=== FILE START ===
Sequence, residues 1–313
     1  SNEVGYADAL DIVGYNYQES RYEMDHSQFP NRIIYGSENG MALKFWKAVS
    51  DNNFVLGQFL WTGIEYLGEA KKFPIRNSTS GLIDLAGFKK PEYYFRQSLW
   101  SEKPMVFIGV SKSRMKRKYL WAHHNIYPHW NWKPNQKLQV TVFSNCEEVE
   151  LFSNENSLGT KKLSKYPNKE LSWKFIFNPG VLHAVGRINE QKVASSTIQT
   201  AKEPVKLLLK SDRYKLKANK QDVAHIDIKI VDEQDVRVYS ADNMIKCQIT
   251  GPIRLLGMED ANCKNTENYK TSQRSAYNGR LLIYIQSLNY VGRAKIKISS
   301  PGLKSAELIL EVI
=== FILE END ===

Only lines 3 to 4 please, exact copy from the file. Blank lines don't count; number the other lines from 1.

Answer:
    51  DNNFVLGQFL WTGIEYLGEA KKFPIRNSTS GLIDLAGFKK PEYYFRQSLW
   101  SEKPMVFIGV SKSRMKRKYL WAHHNIYPHW NWKPNQKLQV TVFSNCEEVE